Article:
• 1
    I've worked in a factory where lunch times were fixed for people within a certain division, so it was almost compulsoory to block out your lunch if you worked across the company
    – Chris H
    Commented Jan 24, 2017 at 10:35

Based on prior answers I have a feeling that this is going to be unpopular, but let me first say that it depends on the type of environment that you work in. If you have limited interaction with others (a lab environment, for instance) and everyone generally takes an hour lunch each day (including managers), then yes, sure, who cares. But if you are a consultant or some other professional and want to be taken seriously, I would not do it. I have ten direct reports: One of them does this and, unsurprisingly, he is my worst employee. The only message this sends is that they need "me time" at a very specific time each day. It is not professional. I work in consulting with clients in almost every global time zone; they do not care when you want to eat. If eating is important to you, pack a lunch and eat at your desk when you have time. Some days I have lots of free time to go out and grab lunch. Some days I have to grab a quick snack out of the vending machine. Sometimes I don't eat lunch at all. My work takes priority over my stomach, and I expect the same from my employees. Maybe you have a call with London from 10am to 2pm....eat before and after. If you want to be viewed by others as an unprofessional and selfish employee, go ahead and block it off. But we don't all work for Parks and Rec; if you want to be taken seriously, leave your calendar open and find time to eat when you can.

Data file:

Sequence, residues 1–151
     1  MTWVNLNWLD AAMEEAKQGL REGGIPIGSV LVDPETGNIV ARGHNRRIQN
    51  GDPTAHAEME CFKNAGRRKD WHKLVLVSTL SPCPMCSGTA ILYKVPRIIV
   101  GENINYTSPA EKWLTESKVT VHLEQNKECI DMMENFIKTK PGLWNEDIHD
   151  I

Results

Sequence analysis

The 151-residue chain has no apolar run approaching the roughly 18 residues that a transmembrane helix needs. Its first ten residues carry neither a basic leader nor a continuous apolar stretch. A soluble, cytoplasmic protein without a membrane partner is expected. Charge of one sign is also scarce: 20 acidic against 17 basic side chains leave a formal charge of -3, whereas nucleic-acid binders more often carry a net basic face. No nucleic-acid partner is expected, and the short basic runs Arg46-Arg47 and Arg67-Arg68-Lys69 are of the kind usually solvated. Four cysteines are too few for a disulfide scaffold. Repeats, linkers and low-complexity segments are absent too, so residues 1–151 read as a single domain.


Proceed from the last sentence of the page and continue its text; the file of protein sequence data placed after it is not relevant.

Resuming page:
• “ I work in consulting with clients in almost every global time zone”. How does planning a lunch conflict wit this? The client cannot see your appointments. Even if planned, you can move it, when needed.
    – fatdoor
    Commented Aug 3, 2022 at 14:47
  • “Planning” a lunch and blocking off an hour every single day are not the same. Plan all the lunches you would like. But saying “I need an hour by myself every single day at the exact same time to consume food” just wreaks of clownishness. When I see that on someone’s calendar I immediately think “unprofessional clown”. Working professional adults don’t do this, I’m sorry. If you do this and get away with it, you probably aren’t very important. Also, why stop at lunch? Why not put bathroom and coffee breaks on your calendar too? Maybe block 10-10:30 every day to take a dump? Clownish.
    – Chris
    Commented Aug 4, 2022 at 15:24
  • Ok. We have a different opinion then. When I plan a meeting with a client from 10am to 2 pm like you describe, we plan a lunch break during the meeting. My clients prefer that, instead of a four hour meeting without any break.
    – fatdoor
    Commented Aug 6, 2022 at 10:39